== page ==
Cherry on Top: Recent Canstruction efforts include this cone constructed of baked beans and tuna cans.
Can-do art and attitude aims at stemming hunger
By Heather Irwin
Gordon Huether is sitting on 4,000 cans of sardines. He’s not planning on eating a single one of the oily little fish. Not yet, at least.
Huether, who is both a sculptor and now, it seems, a fishmonger, also happens to be a contestant in a rather unlikely collision of food, art and really painful puns. “Canstruction: One CAN Build a Solution to Hunger,” an exhibit opening Nov. 11 at COPIA, is the North Bay’s first annual can-building competition. Yes, can-building. Competitors are challenged to create structurally sound and reasonably recognizable structures like, perhaps, a hot dog, or in Huether’s case, a small city, using between 1,000 and 13,000 unopened cans of food. In January, the structures will be carefully dissembled and the cans distributed to local food banks.
More than just artistic weirdness or misplaced adoration for tinned foods, the idea for the can-stacking competition stemmed, as many good ideas do, from a happy accident. In 1998, after doing a rather uninspired job of collecting donations for a local food bank, the Seattle chapter of the Society for Design Administration decided to do something a little more interesting than just bagging up their cans and sending them along to the hungry.
Being creative, as designers are wont to be, the group built a topographic map of the state of Washington from cans. Media gushing ensued, a competition among designers and architects was born and a nonprofit was established.
According to Canstruction founder and organizer Cheri C. Melillo–who has kept her day job in design and architecture, administrating this nonprofit on the side–Canstruction competitions have collected more than 3 million pounds of food since 2003 for an estimated 1 million pounds each year. This year, nearly 50 Canstruction competitions have been held in cities throughout the United States and Canada. That’s a lot of fish, beans, soup and vegetables.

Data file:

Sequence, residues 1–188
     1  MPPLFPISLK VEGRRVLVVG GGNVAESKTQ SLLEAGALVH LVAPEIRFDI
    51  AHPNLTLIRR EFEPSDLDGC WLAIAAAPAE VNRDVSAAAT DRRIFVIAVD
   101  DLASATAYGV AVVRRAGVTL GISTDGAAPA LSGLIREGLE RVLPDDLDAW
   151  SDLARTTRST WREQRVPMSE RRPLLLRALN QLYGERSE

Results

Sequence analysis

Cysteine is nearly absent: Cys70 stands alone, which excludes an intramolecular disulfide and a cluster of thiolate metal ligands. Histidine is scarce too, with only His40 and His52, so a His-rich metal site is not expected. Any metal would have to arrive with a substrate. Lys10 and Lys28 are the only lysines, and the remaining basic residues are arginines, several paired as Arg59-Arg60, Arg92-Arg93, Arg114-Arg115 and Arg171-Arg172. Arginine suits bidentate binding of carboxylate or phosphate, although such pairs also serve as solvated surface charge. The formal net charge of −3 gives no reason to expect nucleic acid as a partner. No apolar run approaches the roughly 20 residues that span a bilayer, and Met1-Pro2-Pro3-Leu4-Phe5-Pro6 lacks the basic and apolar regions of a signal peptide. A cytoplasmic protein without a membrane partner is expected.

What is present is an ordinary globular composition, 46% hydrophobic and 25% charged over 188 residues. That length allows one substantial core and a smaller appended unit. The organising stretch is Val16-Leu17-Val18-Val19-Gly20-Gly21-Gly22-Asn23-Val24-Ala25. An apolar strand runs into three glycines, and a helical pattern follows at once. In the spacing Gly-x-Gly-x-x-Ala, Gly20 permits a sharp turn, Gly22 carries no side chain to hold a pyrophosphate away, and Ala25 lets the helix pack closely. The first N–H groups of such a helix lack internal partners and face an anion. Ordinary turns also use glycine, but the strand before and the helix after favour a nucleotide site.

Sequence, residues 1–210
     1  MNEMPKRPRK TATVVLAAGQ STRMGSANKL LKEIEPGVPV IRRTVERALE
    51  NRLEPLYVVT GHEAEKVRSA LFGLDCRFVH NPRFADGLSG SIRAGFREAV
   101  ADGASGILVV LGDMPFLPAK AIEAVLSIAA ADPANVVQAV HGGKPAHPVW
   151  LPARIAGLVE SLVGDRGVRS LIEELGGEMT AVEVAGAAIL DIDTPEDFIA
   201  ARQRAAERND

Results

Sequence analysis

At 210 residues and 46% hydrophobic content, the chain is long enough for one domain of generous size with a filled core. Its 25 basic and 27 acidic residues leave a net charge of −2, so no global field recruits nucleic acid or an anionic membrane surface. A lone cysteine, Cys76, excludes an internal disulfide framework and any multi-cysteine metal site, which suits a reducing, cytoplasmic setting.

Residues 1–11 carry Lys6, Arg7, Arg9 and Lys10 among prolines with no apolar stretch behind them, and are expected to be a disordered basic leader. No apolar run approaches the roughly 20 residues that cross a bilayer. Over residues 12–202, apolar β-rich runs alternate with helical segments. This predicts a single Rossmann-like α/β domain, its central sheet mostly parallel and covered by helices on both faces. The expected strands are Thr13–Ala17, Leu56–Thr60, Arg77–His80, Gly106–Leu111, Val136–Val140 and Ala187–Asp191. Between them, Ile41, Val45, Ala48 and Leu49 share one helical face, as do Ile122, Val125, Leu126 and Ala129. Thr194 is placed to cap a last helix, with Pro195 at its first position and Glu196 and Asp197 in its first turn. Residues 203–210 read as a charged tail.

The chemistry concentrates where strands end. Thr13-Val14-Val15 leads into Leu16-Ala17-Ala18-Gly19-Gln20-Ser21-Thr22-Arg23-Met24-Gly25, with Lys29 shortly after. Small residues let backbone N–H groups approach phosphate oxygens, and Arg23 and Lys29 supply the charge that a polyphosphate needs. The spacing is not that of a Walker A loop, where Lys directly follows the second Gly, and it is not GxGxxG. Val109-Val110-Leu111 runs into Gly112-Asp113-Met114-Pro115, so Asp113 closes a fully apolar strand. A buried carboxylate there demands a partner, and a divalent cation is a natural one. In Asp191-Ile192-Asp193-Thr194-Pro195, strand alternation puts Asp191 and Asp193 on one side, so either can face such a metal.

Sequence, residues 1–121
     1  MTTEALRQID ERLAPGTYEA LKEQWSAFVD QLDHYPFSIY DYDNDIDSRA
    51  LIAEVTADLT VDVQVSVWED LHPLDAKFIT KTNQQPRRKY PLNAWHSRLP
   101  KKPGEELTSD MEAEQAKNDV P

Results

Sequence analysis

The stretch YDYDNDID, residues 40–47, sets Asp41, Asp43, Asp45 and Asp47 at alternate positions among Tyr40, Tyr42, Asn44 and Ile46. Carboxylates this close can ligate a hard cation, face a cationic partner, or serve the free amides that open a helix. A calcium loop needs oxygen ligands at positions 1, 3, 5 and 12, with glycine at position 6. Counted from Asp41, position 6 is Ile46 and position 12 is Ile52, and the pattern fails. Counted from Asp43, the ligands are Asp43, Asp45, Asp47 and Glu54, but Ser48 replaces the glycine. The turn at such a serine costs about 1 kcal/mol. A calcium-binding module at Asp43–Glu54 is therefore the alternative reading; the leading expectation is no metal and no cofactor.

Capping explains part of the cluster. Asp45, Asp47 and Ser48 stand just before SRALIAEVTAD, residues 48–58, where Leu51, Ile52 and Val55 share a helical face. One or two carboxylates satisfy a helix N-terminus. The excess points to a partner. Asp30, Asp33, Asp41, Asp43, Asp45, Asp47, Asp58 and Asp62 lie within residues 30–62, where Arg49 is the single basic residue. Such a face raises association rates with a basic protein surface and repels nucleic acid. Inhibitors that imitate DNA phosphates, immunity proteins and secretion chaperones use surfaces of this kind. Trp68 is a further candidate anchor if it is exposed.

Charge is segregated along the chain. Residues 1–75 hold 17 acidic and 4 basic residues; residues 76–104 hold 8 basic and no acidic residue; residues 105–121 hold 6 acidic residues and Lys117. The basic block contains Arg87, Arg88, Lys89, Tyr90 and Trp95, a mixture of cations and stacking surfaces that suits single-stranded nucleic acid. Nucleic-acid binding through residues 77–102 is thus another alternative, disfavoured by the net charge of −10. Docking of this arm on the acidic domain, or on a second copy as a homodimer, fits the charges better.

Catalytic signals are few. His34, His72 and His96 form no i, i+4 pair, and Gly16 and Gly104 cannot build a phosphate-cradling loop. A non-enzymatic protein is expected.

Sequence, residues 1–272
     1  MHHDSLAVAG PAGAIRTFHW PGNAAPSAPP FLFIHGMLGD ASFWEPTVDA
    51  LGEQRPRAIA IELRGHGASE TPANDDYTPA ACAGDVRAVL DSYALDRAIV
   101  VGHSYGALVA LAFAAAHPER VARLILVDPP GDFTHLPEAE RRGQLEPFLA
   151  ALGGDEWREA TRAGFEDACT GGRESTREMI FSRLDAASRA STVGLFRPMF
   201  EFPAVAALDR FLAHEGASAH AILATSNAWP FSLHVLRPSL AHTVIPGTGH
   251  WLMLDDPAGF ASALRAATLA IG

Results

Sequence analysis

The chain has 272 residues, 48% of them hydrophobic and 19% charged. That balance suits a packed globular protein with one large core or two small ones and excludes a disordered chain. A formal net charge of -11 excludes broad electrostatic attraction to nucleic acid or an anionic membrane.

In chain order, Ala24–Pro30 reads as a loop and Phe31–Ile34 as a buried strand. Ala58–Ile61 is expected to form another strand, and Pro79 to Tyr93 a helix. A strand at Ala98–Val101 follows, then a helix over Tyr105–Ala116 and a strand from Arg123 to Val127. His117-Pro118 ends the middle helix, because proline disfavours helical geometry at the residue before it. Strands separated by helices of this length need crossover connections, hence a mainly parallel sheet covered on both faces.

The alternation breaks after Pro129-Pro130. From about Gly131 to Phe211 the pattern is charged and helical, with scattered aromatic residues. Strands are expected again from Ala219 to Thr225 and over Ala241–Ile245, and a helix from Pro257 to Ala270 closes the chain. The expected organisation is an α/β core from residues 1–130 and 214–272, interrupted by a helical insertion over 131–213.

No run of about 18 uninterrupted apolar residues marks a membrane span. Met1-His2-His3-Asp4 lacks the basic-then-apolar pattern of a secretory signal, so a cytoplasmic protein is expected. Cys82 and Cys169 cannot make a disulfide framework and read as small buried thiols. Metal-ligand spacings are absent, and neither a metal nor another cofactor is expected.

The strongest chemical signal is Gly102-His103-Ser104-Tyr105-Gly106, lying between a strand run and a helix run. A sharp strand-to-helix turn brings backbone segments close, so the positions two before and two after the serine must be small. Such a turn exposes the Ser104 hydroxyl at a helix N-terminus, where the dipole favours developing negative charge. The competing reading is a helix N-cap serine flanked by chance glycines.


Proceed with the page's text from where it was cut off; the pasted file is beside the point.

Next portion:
Contestants are encouraged to choose their own food, whether for the size and shape of the cans, the color of the label or how the products will combine to make a complete dish or meal. Melillo says that one of her favorite past winners, a mustard bottle, incorporated the yellow labels of canned mustard greens, making for both a nutritious and appealing final product.
Huether, however, is thinking outside the can. He says he chose the sardine cans primarily for their shape. “I was turned off by the labels,” he says, which he plans to remove so only the silver of the can shows in his final display.
He describes his piece, titled One Sardine Is Not Enough, as a sort of fishy homage to Hillary Clinton’s It Takes a Village concept, saying that it takes more than one person to put a dent in the problem of hunger and that it would be really hard to do if we were all sardines. (Frankly, I think we were both a little fuzzy on the details.) But Huether was crystal clear with his desire to help, ponying up the cost of the sardines, as well as the time spent by his team, primarily composed of staffers from his Napa art studio, on the project.